“The farmers get to maintain a revenue stream in what is normally their traditional offseason, and the community has access to fresh produce, organic meats and local products that change with the seasons,” Barako said. “Many of our clients live in South Side and have no transportation to other areas of the city, so, the market provides them with a year-round source of food and other products within walking distance that they might not otherwise be able to easily access.”
She also points out that the foot traffic from the market helps showcase the Elm Street Revitalization Project and introduces customers to the other businesses on Cedar Avenue, which were recently renovated using the UNC’s facade grants.
“This hopefully helps other businesses gain new clientele and move toward/maintain success going forward,” said the program coordinator.
Something that is even more unique to the South Side Farmers Market that is not available at the co-op is the acceptance of EBT/food stamps and participation in the double up food bucks program that matches the value of whatever customers spend on fruits and produce up to $20.
“This gives our low-income customers the ability to get $40 worth of fresh, organic produce for half price, helping them eat healthy while stretching their food budget and conserving their EBT balance,” adds Barako.
“We love being able to sell our products directly to the customer and know the people we are growing food for, which South Side enables us to do. Since we started the farm, it was important for us to keep the food in the community and it has been important for us to sell in South Side as there aren’t options for fresh, healthy foods, as it is considered a ‘food desert’ giving the local community access to healthy, seasonal food which is no more than 15 miles from their house,” said Liz Krug farm manager at Fullers Overlook Farm.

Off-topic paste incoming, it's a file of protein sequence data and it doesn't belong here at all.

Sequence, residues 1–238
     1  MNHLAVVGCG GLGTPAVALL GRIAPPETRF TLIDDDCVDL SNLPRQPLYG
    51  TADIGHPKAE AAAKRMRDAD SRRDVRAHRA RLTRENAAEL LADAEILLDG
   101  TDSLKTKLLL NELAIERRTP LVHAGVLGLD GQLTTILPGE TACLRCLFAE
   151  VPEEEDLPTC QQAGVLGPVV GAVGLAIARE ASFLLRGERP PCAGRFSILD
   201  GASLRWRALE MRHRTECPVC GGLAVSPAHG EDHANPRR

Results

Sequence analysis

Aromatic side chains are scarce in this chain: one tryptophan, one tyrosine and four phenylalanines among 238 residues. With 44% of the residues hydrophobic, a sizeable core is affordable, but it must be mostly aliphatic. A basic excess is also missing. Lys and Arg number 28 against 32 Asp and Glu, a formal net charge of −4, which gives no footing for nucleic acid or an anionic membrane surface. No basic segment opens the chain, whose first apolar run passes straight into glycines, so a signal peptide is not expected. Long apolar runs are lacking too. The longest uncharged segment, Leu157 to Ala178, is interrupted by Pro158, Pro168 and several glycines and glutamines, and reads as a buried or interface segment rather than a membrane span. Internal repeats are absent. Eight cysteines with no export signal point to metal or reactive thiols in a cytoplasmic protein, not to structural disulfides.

The farm is a regenerative farm which produces five acres of annual vegetables, cut flowers and pasture-raised, organically fed hens for eggs, chicken and pork. They use extensive cover cropping and work on regenerating and rebuilding the soil without the use of any synthetic chemicals or fertilizers.
The market’s location is also equipped with a full indoor kitchen to offer cooking expos given by vendors or other outside organizations to help people utilize the local ingredients they purchase at the market.
South Side Farmers Market is hosted by United Neighborhood Centers of NEPA with funding from Wells Fargo Regional Foundation and a Neighborhood Partnership Program grant from Peoples Security Bank, PNC Bank and PPL Electric Utilities.
United Neighborhood Centers of Northeastern Pennsylvania (UNC) is a non-profit organization dedicated to assessing and meeting the needs of low-income families, youth and senior citizens in Northeast Pennsylvania. The agency’s mission is to work together with neighbors to provide services and create opportunities that empower individuals and build strong, interdependent communities.